On the 28th May 2018, the RCAxJ4G Solidarity Group & Justice4Grenfell hosted a day of ‘making’ at The Curve Community Centre.

Thanks to the students at the Royal College of Art’s Justice4Grenfell Solidarity Group, the community were able to print t-shirts and bags, try out weaving green hearts, banner making and poster making.

It was a wonderful day that enabled people of all ages in the community to come together to create some beautiful work that can be used along the Silent Walk route on the 14th June to mark one year of the fire at Grenfell Tower.

We are really pleased to announce TWO additional making days, open to everybody, on the 9th & 10th June 2018 at the Royal College of Art, Dorando Close – which is a few minutes walk from Wood Lane and White City Underground Stations.   There will also be a couple of new ‘making’ stations for people to try out!

It’s really accessible – you can take the Hammersmith & City or Circle Line from Latimer Road or Ladbroke Grove to Wood Lane. From Wood Lane, it’s a really easy to get to the Campus –  we’ve included a map in the gallery. Everyone is welcome – please do come down!

We’d like to thank the RCAxJ4G Solidarity Group and also the Portable Print Studio, who facilitated the bag and t-shirt printing.

Event: One Year On – Justice For Grenfell Solidarity March


JUSTICE4GRENFELL AND THE LONDON FIRE BRIGADE’S UNION CALL ON PEOPLE FROM AROUND BRITAIN WHO DEMAND JUSTICE FOR GRENFELL TO JOIN US.

One year on and after 72 people have died and 70 injured in the Grenfell Tower fire the government leaves behind a trail of broken promises:

• 50% of survivors and displaced families are still in emergency accomodation
• No arrests yet, despite RBKC and Kensington and Chelsea Tenants Management Organisation being charged with corporate manslaughter
• A Public Inquiry that a year on has only just begun, so we are no closer to the truth
• 300 tower blocks across the country covered in dangerous cladding used on Grenfell Tower. Building & safety regulations still not fit for purpose. A flammable cladding, that is STILL not banned in the UK.
• A local council who should be put into special measures because of its callous and ineffective management of the impact of the fire

THERE ARE COMMEMORATIVE EVENTS IN THE COMMUNITY WHICH WE ENCOURAGE PEOPLE TO JOIN IN.

Event: ‘United Voices Making Day’ with Justice 4 Grenfell and the RCA J4G Solidarity Group

In the lead up to the 1 year anniversary a group of students from the Royal College of Art are working with Justice 4 Grenfell to run a series of ‘United Voices’ making days.

*Bank Holiday*
Monday 28th May, 12-5pm at The Curve, Bard Road W10 6TP

We will facilitate: banner making, t-shirt screen printing, poster image-making and more!

Free entry
All materials provided
Family friendly
All ages welcome
Some light refreshments will be available

Come and make with us to keep up the voice, and spread the love!

The Grenfell Tower Inquiry – Blog by Yvette Williams MBE (J4G)

So the Prime Minister has ‘agreed’ that the Grenfell Inquiry Panel will have two additional Panel Members. What does this really mean? The answer is in the detail or rather the missing detail!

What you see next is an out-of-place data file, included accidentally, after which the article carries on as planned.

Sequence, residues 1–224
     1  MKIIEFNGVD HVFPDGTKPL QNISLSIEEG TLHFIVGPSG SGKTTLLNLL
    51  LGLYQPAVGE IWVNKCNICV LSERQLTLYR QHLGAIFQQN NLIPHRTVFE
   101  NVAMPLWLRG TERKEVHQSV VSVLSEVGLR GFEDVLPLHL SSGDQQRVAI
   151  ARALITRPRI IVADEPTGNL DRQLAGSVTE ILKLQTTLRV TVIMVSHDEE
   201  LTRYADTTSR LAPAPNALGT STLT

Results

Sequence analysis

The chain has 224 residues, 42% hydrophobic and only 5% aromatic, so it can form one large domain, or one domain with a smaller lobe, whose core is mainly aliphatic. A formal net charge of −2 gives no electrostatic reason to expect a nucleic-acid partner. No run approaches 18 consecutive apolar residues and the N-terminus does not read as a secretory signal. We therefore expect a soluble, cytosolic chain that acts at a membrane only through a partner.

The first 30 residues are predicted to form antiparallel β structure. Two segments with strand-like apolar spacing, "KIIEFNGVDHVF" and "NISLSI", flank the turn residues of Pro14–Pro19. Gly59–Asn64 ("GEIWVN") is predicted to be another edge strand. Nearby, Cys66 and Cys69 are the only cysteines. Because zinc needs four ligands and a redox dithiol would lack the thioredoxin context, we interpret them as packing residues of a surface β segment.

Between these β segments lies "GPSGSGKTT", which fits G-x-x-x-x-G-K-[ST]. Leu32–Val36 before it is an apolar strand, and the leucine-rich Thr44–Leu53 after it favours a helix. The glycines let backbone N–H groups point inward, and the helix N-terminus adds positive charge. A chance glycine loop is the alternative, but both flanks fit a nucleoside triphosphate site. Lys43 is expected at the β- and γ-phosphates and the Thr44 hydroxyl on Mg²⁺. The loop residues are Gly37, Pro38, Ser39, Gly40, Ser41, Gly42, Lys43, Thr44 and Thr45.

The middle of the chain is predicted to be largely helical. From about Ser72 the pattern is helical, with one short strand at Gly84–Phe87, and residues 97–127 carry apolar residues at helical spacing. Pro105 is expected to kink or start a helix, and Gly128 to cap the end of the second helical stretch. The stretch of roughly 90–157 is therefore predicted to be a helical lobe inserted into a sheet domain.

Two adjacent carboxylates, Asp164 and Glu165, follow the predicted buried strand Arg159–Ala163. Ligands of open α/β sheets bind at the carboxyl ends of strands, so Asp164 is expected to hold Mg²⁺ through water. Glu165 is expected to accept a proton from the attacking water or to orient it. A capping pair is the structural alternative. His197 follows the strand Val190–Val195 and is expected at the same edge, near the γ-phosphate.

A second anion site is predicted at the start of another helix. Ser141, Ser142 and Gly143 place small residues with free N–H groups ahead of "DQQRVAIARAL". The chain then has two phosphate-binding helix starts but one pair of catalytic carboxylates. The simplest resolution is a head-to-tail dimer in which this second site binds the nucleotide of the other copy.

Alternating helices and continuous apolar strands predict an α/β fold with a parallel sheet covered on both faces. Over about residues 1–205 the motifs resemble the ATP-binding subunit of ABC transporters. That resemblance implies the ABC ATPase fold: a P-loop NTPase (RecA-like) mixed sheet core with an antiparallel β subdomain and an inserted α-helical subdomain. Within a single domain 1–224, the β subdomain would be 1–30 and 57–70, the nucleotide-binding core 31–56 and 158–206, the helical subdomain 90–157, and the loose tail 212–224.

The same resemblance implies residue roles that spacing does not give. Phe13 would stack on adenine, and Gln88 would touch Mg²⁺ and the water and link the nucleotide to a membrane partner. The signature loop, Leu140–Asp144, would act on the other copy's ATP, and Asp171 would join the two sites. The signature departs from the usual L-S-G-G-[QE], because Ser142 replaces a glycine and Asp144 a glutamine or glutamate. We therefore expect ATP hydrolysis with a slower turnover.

It has not been made clear if the two additional members will have equal decision-making powers to Judge Moore-Bick; how they will be selected; if there will be any community consultation or if they will be forced upon us, based on the civil servant’s perception of what they ‘think’ we want.  Let me be clear here, we need panel members who understand our lived experience and can challenge key factors that adversely impact communities like North Kensington. This means panel members will have to probe and challenge the Judge in a wider context and not accept government legislation and public policy as ‘normal’, as part of the accepted status quo. For the record it does not solely mean that both panel members have to ‘look like us’. Yes, it would give more community confidence in the Inquiry, but it is not intrinsic to having the expertise we need. To put this in plain English -It is vital that the PM and Inquiry team does not select panel members who look like us but ‘act’ like them.

The Stephen Lawrence Inquiry Panel’s conclusion of Institutional racism was a watershed for inquiry outcomes and drive for change. Dr Richard Stone, a Jewish GP was a panel member. Richard also had extensive experience working against racism and social exclusion. He also sat on boards in the grant making charitable sector. One of the community organisations he funded and became involved with was the Mangrove, here in Notting Hill.  Richard originally came into contact with the Mangrove in his role as a GP. At a time when police brutality of black men was the ‘accepted’ the ‘norm’. Dr Stone was often the only local Doctor we could call out in the middle of the night to document the injuries inflicted by officers of the law.  Richard knew first hand the lived experience of the North Kensington Communities. His presence on the Public Inquiry paved the way for increased community confidence in the process.